169

Anglin

Explains that in portions of northeast Oregon associated with the study area there were between 51 and 65 percent survival of elk calves. States that the current rate is between 26 and 32 percent.

173

Sen. Bates

Verifies there has been a dramatic decrease of calf survival.

175

Anglin

Replies yes. Notes the ODFW did not only look at predation impacts as part of the research. Explains they also looked at nutrition to see if nutrition was causing low survival of the elk calves. Explains the ODFW discovered that nutrition is not playing a role in the survival of elk calves.

181

Chair Ringo

Wonders if there are other factors besides predation by cougars.

182

Anglin

Explains the research currently indicates cougars are the cause of the decline in the population.

184

Rep. P. Smith

Mentions this issue has been addressed in the House this session and last session. Emphasizes that another study is not necessary. Believes this issue needs to be addressed before someone in the state gets hurt by a cougar. Discusses public hearing held in Baker County. Believes there is a problem in Oregon and it needs to be fixed.

196

Rep. Boquist

Submits and discusses testimony from HB 2759 (2005) and HB 2781 (2005) heard at the public hearing in Baker City (EXHIBIT E). Asks if the facts given to the committee previously in the submitted testimony are still correct.

217

Anglin

Replies yes.

219

Rep. Roblan

States he wants to ask a series of questions that go back historically. Wonders how quotas were set and met during the period of time before Ballot Measure 18 when ODFW had the full range of management tools which included dogs and hunting.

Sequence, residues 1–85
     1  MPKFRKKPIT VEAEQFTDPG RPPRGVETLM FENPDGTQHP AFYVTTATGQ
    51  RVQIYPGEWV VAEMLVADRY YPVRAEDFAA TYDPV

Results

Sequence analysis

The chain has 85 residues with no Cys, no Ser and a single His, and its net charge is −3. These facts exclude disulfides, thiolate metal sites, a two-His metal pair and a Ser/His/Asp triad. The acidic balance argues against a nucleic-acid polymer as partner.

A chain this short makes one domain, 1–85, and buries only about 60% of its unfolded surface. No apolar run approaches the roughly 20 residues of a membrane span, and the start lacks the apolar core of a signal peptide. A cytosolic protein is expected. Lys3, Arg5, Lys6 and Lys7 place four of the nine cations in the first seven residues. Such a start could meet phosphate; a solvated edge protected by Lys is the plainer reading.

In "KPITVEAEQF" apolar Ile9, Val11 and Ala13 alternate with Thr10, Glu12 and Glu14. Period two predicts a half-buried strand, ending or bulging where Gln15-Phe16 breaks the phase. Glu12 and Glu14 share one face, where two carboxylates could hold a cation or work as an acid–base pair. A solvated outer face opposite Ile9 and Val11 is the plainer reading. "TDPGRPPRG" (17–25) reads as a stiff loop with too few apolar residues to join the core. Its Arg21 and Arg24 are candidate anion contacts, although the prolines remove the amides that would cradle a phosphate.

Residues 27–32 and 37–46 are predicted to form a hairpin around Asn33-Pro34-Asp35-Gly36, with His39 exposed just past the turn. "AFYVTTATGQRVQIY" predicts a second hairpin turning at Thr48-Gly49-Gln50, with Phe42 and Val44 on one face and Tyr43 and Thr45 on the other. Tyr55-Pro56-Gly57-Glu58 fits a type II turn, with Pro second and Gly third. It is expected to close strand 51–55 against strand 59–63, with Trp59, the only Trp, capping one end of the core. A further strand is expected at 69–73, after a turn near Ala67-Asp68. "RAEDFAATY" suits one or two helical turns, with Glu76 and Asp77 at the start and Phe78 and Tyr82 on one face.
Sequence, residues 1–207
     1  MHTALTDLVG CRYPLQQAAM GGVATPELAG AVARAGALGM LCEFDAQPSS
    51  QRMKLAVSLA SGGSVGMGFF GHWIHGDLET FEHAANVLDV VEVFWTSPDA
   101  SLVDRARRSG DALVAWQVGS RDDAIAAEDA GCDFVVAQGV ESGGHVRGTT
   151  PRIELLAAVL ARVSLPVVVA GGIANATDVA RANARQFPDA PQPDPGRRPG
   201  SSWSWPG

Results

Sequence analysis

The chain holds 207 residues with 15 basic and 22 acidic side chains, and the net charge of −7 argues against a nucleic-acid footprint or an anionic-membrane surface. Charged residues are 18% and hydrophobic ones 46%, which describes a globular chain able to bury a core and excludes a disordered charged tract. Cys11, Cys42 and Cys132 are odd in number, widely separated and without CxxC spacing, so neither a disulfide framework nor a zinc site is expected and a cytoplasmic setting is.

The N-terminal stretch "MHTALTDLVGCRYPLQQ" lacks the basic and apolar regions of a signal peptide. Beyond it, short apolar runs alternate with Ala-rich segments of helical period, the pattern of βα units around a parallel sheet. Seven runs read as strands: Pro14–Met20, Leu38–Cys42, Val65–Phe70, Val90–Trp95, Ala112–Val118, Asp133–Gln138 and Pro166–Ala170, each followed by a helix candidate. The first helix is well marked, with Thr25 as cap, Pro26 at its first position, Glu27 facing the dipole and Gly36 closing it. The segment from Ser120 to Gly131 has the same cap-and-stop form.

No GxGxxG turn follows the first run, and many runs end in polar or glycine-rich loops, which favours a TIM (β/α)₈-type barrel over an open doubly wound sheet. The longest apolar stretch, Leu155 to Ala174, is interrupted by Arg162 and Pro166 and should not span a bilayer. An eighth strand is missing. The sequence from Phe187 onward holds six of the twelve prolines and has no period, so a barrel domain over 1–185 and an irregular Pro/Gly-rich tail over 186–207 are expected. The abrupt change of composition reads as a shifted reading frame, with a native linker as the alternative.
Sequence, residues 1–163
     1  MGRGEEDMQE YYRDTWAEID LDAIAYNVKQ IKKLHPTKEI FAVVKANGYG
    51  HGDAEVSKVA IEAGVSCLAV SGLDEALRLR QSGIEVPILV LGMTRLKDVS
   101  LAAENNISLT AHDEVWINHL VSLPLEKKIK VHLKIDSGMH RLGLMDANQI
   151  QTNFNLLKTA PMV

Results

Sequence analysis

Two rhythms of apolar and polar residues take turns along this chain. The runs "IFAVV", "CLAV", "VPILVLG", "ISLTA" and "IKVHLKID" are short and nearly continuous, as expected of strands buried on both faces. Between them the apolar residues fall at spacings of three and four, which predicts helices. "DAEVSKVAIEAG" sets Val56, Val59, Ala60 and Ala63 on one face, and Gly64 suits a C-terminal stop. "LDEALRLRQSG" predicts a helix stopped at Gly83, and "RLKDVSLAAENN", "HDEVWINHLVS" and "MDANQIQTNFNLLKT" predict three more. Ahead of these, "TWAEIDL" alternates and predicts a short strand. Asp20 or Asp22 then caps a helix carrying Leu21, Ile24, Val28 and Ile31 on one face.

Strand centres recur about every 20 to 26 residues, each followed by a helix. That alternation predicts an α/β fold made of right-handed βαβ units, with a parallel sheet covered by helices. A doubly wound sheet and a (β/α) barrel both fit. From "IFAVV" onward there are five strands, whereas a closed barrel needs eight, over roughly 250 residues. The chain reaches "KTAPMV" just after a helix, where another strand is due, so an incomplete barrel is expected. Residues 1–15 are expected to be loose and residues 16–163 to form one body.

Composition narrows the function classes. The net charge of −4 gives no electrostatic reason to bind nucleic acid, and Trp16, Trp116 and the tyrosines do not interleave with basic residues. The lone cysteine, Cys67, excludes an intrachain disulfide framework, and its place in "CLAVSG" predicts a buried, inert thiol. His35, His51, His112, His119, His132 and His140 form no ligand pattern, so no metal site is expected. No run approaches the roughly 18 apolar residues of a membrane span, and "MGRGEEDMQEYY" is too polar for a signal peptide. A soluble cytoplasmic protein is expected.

225

Anglin

Responds. Discusses relation to damage complaints.

254

Rep. Roblan

Comments on Measure 18. Wonders if a number of cougars had been established in the model that was sustainable in Oregon and would keep the damage level down.

260

Anglin

Replies not at that point in time. Explains in detail.

267

Rep. Roblan

Wonders if there are now objectives established that would be the number of cougars that would be sustainable in the state.

270

Anglin

Replies the ODFW is in the process of developing those objectives for the cougar management plan that will be presented to the commission this fall. Explains they will not have a management objective specifically for cougars until that time. Explains the management objectives.

280

Rep. Roblan

Wonders how to set the objectives for the quotas currently.

283

Anglin

Provides background information on the quota system.

293

Rep. Burley

Mentions comments made in testimony regarding maximum number of 8,000 cougars. Asks what witness means by the term “unchecked”.

300

Anglin

Explains unchecked means when the population would reach its maximum. States it is called density dependence. Explains how it is estimated.

307

Rep. Burley

Points out the population is currently at 5,000. Wonders how long it will be before the population reaches 8,000.

313

Anglin